This is the third in ConservativeHome's series of posts counting down to the Autumn Statement. Yesterday, Tim Montgomerie said that George Osborne's economic narrative is taking shape. And, earlier today, Peter Hoskin urged Mr Osborne to ditch his current fiscal rules.
Getting rid of unnecessary tax breaks and welfare for the rich is sensible at a time of fiscal consolidation. It will make the tax and benefits system fairer, simpler and more balanced. It will raise substantial revenue for the Treasury. And it will help to convince voters that George Osborne is genuine about us all being “in it together”.
In the build up to the Autumn Statement, there has been a lot of speculation around whether the Conservatives will bite the bullet on “wealth taxes” (a blanket, and arguably not very useful, term) in exchange for Liberal Democrat approval on further welfare cuts. But the conversation behind the scenes is likely to be less polarised. Wholesale rejection of “wealth taxes” by the Tories would be bad politics and depart from what Paul Goodman tells us are Osborne’s intentions.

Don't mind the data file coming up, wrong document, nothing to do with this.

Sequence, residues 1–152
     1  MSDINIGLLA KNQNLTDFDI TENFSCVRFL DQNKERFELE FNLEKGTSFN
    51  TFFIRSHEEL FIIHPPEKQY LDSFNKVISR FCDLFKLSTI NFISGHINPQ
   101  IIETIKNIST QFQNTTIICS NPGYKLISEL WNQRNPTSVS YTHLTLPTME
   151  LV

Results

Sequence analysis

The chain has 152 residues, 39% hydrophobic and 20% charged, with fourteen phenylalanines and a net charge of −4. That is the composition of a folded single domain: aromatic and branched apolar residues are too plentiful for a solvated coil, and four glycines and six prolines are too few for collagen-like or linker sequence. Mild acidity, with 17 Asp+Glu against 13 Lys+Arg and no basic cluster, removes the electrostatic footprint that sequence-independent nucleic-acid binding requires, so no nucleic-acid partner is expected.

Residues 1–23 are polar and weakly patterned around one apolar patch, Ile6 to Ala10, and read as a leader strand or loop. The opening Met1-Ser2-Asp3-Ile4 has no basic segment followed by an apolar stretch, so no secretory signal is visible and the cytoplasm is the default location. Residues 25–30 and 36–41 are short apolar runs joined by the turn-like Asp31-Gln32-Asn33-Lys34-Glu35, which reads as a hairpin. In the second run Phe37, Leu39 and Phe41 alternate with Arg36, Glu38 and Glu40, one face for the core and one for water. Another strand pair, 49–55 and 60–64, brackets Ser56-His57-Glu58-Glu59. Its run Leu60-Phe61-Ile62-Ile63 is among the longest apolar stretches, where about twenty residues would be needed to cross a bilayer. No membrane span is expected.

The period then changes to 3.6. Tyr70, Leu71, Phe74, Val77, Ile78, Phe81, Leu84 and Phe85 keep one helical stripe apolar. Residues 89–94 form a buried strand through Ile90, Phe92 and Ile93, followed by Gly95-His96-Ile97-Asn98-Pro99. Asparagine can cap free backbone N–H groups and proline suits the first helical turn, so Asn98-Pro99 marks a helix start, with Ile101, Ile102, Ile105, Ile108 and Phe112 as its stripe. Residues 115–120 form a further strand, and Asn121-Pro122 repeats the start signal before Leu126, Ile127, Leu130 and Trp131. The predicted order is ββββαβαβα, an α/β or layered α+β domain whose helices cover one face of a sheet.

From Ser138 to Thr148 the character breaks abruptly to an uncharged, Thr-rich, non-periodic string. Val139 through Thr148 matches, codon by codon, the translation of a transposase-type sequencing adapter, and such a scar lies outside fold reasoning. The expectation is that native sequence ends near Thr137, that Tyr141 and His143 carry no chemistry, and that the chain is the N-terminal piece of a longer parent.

As our submission to the Autumn Statement demonstrates, asking wealthier individuals to make a sacrifice like everybody else does not necessitate a fully fledged, President Hollande-style wealth tax. Osborne can be more judicious than that.
He can start by taxing universal pensioner benefits. Last week, the Conservative Free Enterprise Group called for free bus passes, free TV licences and winter fuel payments to be withdrawn entirely from the wealthiest pensioner households.